Hydrogen from Biomass Gasification for Utilization in Oil Refineries
If taxes fees and other restriction on fossil fuels are not considered the cost for the fuels produced from biomass gasification will still be higher than that of oil-based fuels or natural gas for next decades.
Nevertheless, there is room for other application of the biomass gasification followed by gas upgrading rather than fuel production. The proposed idea is a gasification-upgrading process optimized for hydrogen production, intended for the integration in an oil refinery. Driving forces for the introduction of this process are; 1, the
dependency of the crude oil price on the sulfur content, 2, making use of low temperature waste heat and 3, the possibility to utilize existing infrastructure to introduce renewable energy sources (RES) in the refinery.
The hydrodesulfurization of the refined petroleum products
requires pure hydrogen, which is usually obtained from the one contained in the oil itself. Crude oils with unfavorable sulfur to hydrogen ratio have a lower price on the market, but they require extra hydrogen for the desulfurization process. Hence, there is room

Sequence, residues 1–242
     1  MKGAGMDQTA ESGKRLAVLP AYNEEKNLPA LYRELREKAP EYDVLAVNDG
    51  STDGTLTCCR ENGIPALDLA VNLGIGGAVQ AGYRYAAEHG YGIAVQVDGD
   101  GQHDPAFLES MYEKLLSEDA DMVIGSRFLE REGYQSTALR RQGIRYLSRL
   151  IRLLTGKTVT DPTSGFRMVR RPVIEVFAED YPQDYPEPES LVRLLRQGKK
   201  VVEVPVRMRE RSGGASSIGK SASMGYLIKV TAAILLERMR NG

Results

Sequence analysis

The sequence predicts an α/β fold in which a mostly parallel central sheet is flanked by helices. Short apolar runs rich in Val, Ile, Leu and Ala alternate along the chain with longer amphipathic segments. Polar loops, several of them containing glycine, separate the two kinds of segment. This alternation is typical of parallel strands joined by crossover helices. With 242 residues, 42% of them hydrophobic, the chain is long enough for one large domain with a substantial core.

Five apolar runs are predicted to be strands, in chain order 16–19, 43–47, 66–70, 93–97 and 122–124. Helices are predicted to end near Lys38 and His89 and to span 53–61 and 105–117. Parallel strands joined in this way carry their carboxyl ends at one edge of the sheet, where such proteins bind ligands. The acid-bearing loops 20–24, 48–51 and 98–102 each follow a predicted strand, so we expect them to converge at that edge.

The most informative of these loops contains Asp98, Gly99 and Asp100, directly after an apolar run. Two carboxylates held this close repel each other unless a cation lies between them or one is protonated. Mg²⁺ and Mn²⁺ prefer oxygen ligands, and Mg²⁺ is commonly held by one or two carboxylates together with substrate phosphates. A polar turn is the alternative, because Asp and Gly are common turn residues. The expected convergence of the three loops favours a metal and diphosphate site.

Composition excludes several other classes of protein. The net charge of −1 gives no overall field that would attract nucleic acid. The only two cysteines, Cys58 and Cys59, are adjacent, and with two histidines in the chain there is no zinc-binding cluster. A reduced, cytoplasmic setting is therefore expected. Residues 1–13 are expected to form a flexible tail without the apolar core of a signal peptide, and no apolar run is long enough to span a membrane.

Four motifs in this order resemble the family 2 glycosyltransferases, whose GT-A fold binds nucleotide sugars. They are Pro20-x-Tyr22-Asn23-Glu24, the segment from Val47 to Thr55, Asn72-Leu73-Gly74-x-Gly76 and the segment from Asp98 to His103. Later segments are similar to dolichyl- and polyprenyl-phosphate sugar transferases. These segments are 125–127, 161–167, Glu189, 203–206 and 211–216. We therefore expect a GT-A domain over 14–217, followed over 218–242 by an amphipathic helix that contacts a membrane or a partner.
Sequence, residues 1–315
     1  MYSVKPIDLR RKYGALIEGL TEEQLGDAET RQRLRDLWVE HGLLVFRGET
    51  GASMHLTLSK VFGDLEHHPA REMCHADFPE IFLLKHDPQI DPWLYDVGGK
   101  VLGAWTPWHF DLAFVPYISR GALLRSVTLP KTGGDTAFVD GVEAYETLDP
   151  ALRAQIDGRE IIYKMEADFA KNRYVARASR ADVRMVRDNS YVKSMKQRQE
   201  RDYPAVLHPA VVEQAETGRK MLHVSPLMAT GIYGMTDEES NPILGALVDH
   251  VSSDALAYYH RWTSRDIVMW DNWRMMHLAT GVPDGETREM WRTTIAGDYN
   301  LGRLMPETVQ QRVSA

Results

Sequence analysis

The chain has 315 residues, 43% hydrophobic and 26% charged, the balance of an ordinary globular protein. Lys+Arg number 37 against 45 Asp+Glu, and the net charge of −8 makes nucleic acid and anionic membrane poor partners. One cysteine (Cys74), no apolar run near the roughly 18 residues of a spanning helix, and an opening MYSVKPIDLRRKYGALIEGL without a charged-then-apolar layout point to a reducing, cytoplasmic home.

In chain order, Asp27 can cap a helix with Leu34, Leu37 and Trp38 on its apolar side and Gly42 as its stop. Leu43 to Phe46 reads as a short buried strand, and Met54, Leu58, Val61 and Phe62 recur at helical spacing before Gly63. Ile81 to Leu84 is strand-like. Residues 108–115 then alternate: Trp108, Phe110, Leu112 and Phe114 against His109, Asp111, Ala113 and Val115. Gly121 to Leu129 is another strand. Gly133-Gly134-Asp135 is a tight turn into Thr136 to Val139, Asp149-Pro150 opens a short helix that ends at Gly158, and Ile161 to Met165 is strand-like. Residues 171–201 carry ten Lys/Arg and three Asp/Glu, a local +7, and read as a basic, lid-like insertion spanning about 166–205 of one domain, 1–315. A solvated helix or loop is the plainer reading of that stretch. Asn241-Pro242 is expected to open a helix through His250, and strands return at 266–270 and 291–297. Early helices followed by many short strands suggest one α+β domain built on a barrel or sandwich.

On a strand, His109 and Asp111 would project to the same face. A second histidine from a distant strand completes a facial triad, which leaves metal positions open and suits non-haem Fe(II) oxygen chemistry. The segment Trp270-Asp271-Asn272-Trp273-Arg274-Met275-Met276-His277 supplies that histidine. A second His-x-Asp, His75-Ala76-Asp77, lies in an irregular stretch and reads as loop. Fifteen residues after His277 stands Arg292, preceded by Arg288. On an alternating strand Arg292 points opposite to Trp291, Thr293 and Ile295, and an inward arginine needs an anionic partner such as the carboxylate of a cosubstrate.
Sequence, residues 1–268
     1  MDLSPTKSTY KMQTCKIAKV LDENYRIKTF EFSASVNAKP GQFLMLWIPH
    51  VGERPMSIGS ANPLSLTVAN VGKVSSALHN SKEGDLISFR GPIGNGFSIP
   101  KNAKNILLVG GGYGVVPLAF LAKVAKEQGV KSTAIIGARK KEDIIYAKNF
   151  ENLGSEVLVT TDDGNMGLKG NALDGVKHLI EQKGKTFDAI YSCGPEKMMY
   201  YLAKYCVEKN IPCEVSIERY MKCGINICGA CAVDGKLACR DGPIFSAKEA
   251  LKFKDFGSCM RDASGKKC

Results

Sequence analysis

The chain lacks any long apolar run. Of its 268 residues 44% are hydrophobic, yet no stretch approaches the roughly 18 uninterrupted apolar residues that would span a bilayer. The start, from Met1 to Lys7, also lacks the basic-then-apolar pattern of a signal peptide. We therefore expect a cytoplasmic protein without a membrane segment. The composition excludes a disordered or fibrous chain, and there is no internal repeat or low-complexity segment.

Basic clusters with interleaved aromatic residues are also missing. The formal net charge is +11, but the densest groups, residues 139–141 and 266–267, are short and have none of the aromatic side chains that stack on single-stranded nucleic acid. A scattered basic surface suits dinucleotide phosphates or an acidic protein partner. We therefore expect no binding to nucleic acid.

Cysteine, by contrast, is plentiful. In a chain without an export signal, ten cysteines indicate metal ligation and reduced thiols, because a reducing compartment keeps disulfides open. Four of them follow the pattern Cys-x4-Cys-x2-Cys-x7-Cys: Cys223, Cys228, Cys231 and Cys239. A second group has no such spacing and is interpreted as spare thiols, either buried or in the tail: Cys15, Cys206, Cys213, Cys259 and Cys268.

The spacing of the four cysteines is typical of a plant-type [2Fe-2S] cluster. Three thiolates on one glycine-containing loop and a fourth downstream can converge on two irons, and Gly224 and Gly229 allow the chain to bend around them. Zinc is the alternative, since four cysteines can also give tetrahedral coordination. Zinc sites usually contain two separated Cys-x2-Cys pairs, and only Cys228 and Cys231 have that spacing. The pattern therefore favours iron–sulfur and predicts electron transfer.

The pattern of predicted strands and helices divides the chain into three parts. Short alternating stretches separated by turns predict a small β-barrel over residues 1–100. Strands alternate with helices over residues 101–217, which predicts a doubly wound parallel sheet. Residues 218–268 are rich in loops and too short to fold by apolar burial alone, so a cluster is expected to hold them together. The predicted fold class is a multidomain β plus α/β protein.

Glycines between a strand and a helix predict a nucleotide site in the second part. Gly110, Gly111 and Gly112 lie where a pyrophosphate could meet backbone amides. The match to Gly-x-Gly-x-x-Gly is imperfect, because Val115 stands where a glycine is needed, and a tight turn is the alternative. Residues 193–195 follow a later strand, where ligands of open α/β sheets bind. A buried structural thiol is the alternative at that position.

for introducing an extra source of hydrogen from a RES as biomass. Despite the technological challenge introduction of a new process causes, a high marginal profit can be achieved from the purchase of low price crude oil with high sulfur content.
The process proposed in this work is suitable for integration, since it requires mainly low temperature heat (150 °C) which is abundant in an oil refinery and a small amount of electricity. The gasification process could then be seen as a perfect heat sink for low temperature waste heat, which otherwise usually is lost due to heat
exchanging with the surrounding air.
catalytic tar reforming